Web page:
Beyond the Surface: Data-Driven Solutions for Water Quality 


An award-winning data-driven solution has already been successfully deployed in New Zealand to help improve water quality. Holly Foreman of Auckland Council and Steve Couper of Mott MacDonald examines how Safeswim, a World Health Organisation recognised solution, is leading the way in effective water quality management and strengthening public trust.

Bathing water quality is a critical public issue facing water companies globally. The UK governments’ Storm Overflows Discharge Reduction Plan requires all water companies to demonstrate that there is no local adverse ecological impact from the overflow. Water companies must have improved 75% of storm overflows by 2035, and 100% by 2045. Plus, storm overflows will not be permitted to discharge above an average of 10 rainfall events per year by 2050.

The mass deployment of sensors, including Event Duration Monitoring (EDM), at all UK storm overflows creates opportunities for digital solutions to improve the way water quality is both managed and subsequently communicated to communities.

What is Safeswim?

In 1995, Auckland Council implemented a water quality management programme to provide an assessment based on retrospective water quality sampling. Driven from a need to overcome limitations related to retrospective sampling and delayed reporting, Safeswim (www.safeswim.org.nz) was developed and deployed in the summer of 2017. The data-driven solution enables more proactive predictions by integrating real-time modelling, artificial intelligence, big-data analytics, visualisation, and information dissemination to the community.

The Safeswim programme was also used as a public relations and education tool by the Council and its water utility, Watercare, to surface and drive the public understanding of the ageing infrastructure problem. Like most large urban areas with combined and ageing sewer systems, Auckland suffers from storm overflow, inflow and infiltration (II) and diffuse pollution as a result of surface water runoff. Safeswim provided a platform for robust stakeholder management allowing Auckland Council to improve public awareness and understanding of the trade-offs around the level of infrastructure investment against the associated level of service and the environmental, social and cultural outcomes associated with that level of investment. Providing greater public transparency around the performance of the City’s wastewater and storm water network was a bold move. However, it paid off, building trust and shifting public perception around the complexity of the problem.

The need for a smart solution to deliver a real time decision support system

Safeswim arose from an acknowledgement that the existing programme had the potential to misrepresent the public health risk at bathing beaches. Traditional monitoring approaches relied on retrospective sampling data and delayed reporting, which was both time-consuming and involved practical limitations around when and where samples could be taken. This led to significant potential for under-estimation of the frequency of contamination events, creating a potential “false sense of security” to swimmers.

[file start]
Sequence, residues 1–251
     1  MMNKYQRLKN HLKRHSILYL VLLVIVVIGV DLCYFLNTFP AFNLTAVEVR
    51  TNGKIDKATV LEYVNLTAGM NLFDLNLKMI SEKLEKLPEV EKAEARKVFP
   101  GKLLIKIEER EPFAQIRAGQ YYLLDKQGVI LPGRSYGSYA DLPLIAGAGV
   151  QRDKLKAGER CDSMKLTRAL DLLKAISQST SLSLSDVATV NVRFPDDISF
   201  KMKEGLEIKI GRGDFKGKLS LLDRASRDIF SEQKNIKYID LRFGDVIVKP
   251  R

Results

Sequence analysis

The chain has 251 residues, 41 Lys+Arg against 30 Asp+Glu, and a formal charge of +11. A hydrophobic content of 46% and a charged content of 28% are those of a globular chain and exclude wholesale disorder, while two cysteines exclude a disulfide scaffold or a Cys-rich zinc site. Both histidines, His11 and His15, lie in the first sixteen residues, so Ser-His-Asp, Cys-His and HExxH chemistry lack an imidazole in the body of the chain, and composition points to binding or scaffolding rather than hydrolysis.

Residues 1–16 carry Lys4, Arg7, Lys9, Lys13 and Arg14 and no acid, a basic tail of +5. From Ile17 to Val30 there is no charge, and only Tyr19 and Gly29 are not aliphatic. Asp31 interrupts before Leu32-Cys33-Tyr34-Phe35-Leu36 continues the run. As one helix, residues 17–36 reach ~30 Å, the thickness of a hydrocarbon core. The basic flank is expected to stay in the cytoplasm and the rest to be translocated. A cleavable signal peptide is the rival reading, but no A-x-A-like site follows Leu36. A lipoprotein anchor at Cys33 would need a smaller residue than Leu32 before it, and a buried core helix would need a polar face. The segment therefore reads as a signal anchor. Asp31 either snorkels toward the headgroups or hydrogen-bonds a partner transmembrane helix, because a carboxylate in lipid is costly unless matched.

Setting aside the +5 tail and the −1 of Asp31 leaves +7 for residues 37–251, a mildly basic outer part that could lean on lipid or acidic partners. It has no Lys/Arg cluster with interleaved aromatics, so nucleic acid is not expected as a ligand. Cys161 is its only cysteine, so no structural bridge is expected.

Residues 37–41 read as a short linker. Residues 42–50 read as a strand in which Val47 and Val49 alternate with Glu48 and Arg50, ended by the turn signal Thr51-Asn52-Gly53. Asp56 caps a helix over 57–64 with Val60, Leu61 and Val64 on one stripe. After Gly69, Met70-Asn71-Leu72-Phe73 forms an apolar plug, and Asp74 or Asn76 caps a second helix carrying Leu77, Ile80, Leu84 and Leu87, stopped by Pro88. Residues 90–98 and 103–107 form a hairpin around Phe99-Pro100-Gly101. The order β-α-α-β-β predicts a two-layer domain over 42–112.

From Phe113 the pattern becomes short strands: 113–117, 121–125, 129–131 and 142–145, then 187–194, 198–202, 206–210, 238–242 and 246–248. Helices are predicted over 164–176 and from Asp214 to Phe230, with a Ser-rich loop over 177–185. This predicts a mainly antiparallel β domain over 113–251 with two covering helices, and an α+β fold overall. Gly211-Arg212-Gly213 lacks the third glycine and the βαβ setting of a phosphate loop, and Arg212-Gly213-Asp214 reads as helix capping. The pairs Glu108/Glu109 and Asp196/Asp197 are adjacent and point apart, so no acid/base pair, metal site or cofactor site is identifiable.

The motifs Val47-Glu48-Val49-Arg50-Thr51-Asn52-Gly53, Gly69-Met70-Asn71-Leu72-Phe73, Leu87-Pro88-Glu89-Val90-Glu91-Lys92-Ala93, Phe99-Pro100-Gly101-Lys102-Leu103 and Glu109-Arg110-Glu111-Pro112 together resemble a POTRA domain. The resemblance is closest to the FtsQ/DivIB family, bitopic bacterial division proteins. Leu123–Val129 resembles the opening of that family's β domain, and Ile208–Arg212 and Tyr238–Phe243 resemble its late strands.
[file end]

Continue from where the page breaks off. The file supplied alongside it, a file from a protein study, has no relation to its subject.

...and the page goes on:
Safeswim is a web-based digital twin which provides real-time information on the water quality and the associated public health risk of swimming at Auckland's beaches. The tool uses predictive analytics to integrate data from various sources and translates them into simple risk indicators for the public. The platform has improved the accuracy of water quality predictions from less than 20% to greater than 80%.

Scale of programme

Since its creation and delivery by a Mott MacDonald led team in 2017, the programme has continued to develop under the leadership of Auckland Council’s Healthy Waters team with support from supply chain partners. The underlying Mott MacDonald MoataTM platform enables the combination of multiple data sources and selected real-time analytics from across the supply chain. The water quality digital twin system integrates large scale climate data and predictions, wastewater network data with real-time modelling and AI to understand and predict the impacts of wastewater overflows and diffuse run off on receiving waters. It includes comprehensive long-term monitoring of 200 priority sewer overflows allowing Safeswim to predict water quality at 209 beaches across 3,200km of coastline. The platform is accessed by over 400,000 Aucklanders and tourists each year, helping them make informed decisions about safely enjoying bathing waters.

Inputs provide the base for machine learning predictions

MoataTM ingests and processes over eight billion data points daily from multiple sources, including:

  • Real-time network infrastructure performance data – wastewater flow/overflow gauges and SCADA data from pumping stations.
  • Real-time storm overflow monitoring data enhanced with AI for early identification of blockages and forecasting wet weather overflows.
  • Rain fall and rain radar data, and ensemble forecasts.
  • Tide, wind and solar radiation forecasts.